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80th Annual Academy Award Winners


Tim Bradstreet
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Here is the official list of award winners from the 2008 Academy Awards.

 

1. Best Motion Picture of the Year - No Country for Old Men

2. Best Performance by an Actor in a Leading Role - Daniel Day-Lewis

3. Best Performance by an Actress in a Leading Role - Marion Cotillard

4. Best Performance by an Actor in a Supporting Role - Javier Bardem

5. Best Performance by an Actress in a Supporting Role - Tilda Swinton

6. Best Achievement in Directing - Joel and Ethan Coen

 

7. Best Writing, Screenplay Written Directly for the Screen - Diablo Cody - Juno

8. Best Writing, Screenplay Based on Material Previously Produced or Published - Joel Coen, Ethan Coen - No Country for Old Men

9. Best Achievement in Cinematography - Robert Elswit - There Will Be Blood

10. Best Achievement in Editing - Christopher Rouse - The Bourne Ultimatum

11. Best Achievement in Art Direction - Dante Ferretti, Francesca Lo Schiavo - Sweeney Todd: The Demon Barber of Fleet Street

12. Best Achievement in Costume Design - Alexandra Byrne - Elizabeth: The Golden Age

13. Best Achievement in Makeup - Didier Lavergne, Jan Archibald - La Mome

14. Best Achievement in Music Written for Motion Pictures, Original Score - Dario Marianelli - Atonement

15. Best Achievement in Music Written for Motion Pictures, Original Song - Glen Hansard, Markéta Irglová(“Falling Slowly” ) - Once

16. Best Achievement in Sound - Scott Millan, David Parker, Kirk Francis - The Bourne Ultimatum

17. Best Achievement in Sound Editing - Karen M. Baker, Per Hallberg - The Bourne Ultimatum

18. Best Achievement in Visual Effects - Michael L. Fink, Bill Westenhofer, Ben Morris, Trevor Wood - The Golden Compass

19. Best Animated Feature Film of the Year - Brad Bird - Ratatouille

20. Best Foreign Language Film of the Year - Die Fälscher (Austria)

21. Best Documentary, Features - Alex Gibney, Eva Orner - Taxi to the Dark Side

22. Best Documentary, Short Subjects - Cynthia Wade, Vanessa Roth - Freeheld

23. Best Short Film, Animated - Suzie Templeton, Hugh Welchman - Peter & the Wolf

24. Best Short Film, Live Action - Philippe Pollet-Villard - Le Mozart des pickpockets

 

 

I have to say I would have loved it if George Clooney could have won for Michael Clayton but really, no one deserved it more than Daniel Day Lewis.

I wasn't shocked about really anything (Except for the conspicuous no-nomination for Jonny Greeenwood's score for There Will be Blood).

In recent years I've been mad because some of the winners were suspect in my book, like makeup wins, films or actors that didn't win that should have (in my opinion and the opinion of many others, most notably Shakespeare In Love winning over Saving Private Ryan, what? SIL was a damn good film. SPR was clearly best picture though.) I was very happy for Tilda Swinton, love her work.

 

Anyone you thought got overlooked?

 

- TB

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You know I thought Transformers would win for best sound editing. How can that be topped? There was a special on the news about Ethan Van der Ryn about how he has been nominated three time's for sound editing and never won. They had footage of his mother being interviewed stating that she used to tell her son that "By the time you win one, I'll be dead." Or something along those lines. She unfortunately passed away in 2006.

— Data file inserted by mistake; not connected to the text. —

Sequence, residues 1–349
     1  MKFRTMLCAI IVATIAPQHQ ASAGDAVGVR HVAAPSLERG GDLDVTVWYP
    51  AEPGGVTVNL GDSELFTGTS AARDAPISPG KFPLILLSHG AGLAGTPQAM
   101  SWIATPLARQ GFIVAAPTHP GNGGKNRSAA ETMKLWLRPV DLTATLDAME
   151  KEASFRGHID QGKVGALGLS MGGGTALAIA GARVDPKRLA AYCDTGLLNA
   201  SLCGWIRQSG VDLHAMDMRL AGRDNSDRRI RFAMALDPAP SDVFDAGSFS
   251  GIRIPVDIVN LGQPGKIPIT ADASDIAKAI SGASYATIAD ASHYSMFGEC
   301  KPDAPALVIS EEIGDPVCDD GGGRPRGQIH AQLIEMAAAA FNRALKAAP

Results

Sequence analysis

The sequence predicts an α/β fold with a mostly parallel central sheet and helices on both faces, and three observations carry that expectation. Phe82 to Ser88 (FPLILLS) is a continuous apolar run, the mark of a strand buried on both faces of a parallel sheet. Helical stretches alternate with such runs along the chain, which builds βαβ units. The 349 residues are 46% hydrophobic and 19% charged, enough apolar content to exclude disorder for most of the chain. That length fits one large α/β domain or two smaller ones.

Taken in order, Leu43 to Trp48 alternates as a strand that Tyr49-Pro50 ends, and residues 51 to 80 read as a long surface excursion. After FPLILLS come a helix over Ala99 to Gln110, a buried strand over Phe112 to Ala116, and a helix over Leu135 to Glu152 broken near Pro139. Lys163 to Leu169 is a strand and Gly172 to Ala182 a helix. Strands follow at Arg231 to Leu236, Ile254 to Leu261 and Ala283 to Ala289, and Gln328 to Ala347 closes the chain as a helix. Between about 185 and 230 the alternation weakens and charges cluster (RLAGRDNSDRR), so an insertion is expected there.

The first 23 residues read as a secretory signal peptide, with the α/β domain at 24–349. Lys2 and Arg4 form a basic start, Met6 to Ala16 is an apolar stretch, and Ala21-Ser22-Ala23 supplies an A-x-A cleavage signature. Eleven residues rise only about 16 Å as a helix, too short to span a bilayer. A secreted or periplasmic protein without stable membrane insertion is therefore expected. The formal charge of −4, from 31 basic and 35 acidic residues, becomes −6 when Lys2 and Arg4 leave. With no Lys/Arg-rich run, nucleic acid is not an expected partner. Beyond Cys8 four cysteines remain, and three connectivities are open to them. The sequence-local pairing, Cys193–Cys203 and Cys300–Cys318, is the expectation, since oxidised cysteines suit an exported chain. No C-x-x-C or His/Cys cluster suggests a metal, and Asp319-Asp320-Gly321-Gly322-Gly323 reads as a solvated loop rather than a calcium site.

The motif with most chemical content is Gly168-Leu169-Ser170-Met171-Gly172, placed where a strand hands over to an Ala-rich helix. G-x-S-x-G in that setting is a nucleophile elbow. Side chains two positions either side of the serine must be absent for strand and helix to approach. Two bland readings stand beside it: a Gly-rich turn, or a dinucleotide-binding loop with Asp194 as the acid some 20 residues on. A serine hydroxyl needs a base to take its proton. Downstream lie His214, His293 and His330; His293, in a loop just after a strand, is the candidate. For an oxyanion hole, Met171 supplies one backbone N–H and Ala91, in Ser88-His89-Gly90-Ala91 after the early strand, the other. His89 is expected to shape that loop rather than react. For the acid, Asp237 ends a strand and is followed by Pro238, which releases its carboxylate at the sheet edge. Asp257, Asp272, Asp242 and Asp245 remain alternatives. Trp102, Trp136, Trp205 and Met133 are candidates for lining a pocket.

Overall I thought the award show was good. I wouldn't have changed many if any of the award winners to be frank.

 

Did anyone watch Harrison Ford on the Barbra Walters Special? If not.... SHAME ON YOU! He hasn't had an interview like that in 10 years.

 

 

 

-Raffi

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I have to say I would have loved it if George Clooney could have won for Michael Clayton but really, no one deserved it more than Daniel Day Lewis.

 

- TB

 

I think I just threw up in my mouth a little. Just the fact that Clooney was nominated was hideous enough. Of course, I really don't have any strong feelings about Clooney's acting abilities, or lack thereof. :huh:

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Interesting opinion.

I thought Clooney was terrific in Michael Clayton.

It took me a very long time to warm to Clooney's film career but he's shown me something in recent years (maybe it was "Oh Brother, Where Art Thou" that brought me around - and brought his game up several notches). I'm not necessarily a Clooney fan per se, BUT, I did think the film was a nice piece of work and Clooney's was the performance that drove it. Shame that Tom Wilkinson lost out, his performance was the real Oscar worthy turn in that film.

 

Still, everyone likes or dislikes people for whatever personal reasons. Maybe you don't buy his acting, fair enough. Perhaps you don't like HIM period.

I can't get on certain people's bandwagon's either. People will say, "How can you say that?" when I refer to some OBVIOUSLY talented person in a less than enthusiastic light that I myself cannot stand (95% of Mark Wahlberg's work - just one example). My best pal HATES an actress I adore, and every time he voices his opinion about it wrankles me. We'll never ALL agree.

 

- TB